Nightshift work and risk of ovarian cancer
- Parveen Bhatti1,
- Kara L Cushing-Haugen1,
- Kristine G Wicklund1,
- Jennifer A Doherty1,2,
- Mary Anne Rossing1
- 1Program in Epidemiology, Division of Public Health Sciences, Fred Hutchinson Cancer Research Center, Seattle, Washington, USA
- 2Section of Biostatistics and Epidemiology, The Geisel School of Medicine at Dartmouth, Lebanon, New Hampshire, USA
- Correspondence to Dr Parveen Bhatti, Program in Epidemiology, Division of Public Health Sciences, Fred Hutchinson Cancer Research Center, P.O. Box 19024 M4-B874, Seattle, WA 98109, USA;
- Received 28 August 2012
- Revised 15 November 2012
- Accepted 8 December 2012
- Published Online First 23 January 2013
Objectives Animal evidence suggests that circadian disruption may be associated with ovarian cancer, though very little epidemiological work has been done to assess this potential association. We evaluated the association between self-reported nightshift work, a known circadian disruptor, and ovarian cancer in a population-based case-control study.
Methods The study included 1101 women with invasive epithelial ovarian cancer, 389 women with borderline epithelial ovarian tumours and 1832 controls and was conducted in western Washington state. Shift work data were collected as part of inperson interviews.
Results Working the nightshift was associated with an increased risk of invasive (OR=1.24, 95% CI 1.04 to 1.49) and borderline (OR=1.48, 95% CI 1.15 to 1.90) tumours; however, we observed little evidence that risks increased with increasing cumulative duration of nightshift work, and risks were not elevated in the highest duration category (>7 nightshift work-years). Increased risks were restricted to women who were 50 years of age and older and to serous and mucinous histologies of invasive and borderline tumours. There was suggestive evidence of a decreased risk of ovarian cancer among women reporting a preference for activity during evenings rather than mornings.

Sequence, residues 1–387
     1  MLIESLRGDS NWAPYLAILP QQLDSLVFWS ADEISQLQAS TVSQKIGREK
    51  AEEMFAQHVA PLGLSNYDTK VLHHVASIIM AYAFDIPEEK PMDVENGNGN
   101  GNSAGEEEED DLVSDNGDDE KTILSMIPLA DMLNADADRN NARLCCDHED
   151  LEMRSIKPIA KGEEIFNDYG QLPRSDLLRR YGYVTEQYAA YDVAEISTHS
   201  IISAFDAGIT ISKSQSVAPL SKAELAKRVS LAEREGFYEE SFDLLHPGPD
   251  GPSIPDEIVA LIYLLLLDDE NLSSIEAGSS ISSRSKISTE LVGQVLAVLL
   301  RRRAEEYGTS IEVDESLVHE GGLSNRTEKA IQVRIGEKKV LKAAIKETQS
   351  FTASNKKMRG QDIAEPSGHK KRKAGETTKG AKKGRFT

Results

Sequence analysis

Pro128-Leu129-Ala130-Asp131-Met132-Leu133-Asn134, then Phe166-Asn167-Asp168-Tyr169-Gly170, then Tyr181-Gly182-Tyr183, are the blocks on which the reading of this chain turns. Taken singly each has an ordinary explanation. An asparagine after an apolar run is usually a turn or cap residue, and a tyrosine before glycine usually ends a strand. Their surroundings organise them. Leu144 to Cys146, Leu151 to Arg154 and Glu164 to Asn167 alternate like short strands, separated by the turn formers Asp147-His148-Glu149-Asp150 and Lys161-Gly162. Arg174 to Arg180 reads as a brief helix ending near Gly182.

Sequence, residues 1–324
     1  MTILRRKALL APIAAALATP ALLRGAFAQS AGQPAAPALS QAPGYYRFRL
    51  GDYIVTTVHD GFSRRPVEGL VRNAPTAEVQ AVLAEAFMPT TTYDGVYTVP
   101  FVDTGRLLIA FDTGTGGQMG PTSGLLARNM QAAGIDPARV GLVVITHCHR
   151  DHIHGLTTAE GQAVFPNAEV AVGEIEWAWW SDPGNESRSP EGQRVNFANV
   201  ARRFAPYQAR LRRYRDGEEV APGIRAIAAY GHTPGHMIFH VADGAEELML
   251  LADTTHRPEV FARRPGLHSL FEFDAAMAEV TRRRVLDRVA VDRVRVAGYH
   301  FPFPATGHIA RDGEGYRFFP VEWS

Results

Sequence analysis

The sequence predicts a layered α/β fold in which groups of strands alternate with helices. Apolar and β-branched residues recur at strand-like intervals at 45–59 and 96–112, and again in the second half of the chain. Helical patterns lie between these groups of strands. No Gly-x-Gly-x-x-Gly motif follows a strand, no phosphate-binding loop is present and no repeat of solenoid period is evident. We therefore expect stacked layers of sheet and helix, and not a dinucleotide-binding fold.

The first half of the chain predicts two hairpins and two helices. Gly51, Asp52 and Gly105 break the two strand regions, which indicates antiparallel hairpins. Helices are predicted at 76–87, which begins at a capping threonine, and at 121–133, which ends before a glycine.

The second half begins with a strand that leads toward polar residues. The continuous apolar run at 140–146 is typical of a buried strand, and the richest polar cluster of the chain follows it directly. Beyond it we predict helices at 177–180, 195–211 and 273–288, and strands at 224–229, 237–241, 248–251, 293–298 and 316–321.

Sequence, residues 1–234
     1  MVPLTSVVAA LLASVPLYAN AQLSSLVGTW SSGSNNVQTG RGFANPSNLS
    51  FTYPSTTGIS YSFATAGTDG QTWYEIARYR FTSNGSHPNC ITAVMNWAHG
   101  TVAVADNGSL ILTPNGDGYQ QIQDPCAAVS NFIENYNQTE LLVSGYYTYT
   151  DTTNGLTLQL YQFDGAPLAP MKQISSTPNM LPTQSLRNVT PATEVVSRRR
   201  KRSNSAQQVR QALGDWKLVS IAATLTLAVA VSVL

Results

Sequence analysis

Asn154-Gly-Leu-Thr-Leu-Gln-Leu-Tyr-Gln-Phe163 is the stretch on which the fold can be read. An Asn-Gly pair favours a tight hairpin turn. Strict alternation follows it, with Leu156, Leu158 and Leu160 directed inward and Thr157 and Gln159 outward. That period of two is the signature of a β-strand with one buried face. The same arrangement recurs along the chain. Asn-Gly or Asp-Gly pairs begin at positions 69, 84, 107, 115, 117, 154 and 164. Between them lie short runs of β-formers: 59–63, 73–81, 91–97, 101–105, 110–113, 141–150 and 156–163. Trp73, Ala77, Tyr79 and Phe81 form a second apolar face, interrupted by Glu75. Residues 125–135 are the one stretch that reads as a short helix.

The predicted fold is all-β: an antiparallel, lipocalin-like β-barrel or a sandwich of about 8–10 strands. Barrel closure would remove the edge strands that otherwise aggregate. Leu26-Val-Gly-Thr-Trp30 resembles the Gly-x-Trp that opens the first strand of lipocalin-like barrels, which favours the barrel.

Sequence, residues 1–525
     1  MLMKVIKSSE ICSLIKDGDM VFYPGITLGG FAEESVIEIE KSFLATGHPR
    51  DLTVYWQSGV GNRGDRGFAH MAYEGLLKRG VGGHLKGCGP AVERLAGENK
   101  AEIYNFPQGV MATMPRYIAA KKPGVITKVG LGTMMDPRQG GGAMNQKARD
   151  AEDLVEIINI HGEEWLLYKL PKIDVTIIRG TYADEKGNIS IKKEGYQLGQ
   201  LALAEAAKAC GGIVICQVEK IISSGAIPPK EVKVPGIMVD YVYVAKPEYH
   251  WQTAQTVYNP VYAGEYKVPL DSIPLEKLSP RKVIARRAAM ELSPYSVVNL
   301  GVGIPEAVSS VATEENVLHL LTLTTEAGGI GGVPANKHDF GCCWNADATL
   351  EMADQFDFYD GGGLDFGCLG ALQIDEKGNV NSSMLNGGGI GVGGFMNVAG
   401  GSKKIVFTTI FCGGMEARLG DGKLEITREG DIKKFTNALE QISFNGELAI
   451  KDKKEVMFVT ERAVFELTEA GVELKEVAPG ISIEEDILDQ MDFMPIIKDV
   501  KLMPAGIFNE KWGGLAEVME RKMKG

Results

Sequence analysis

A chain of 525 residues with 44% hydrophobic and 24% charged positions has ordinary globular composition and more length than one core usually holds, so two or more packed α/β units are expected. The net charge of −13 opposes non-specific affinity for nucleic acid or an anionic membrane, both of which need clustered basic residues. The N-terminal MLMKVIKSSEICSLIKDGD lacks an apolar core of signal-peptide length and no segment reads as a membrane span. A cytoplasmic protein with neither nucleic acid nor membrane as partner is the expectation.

Conclusions We found evidence suggesting an association between shift work and ovarian cancer. This observation should be followed up in future studies incorporating detailed assessments of diurnal preference (ie, chronotype) in addition to detailed data on shift schedules.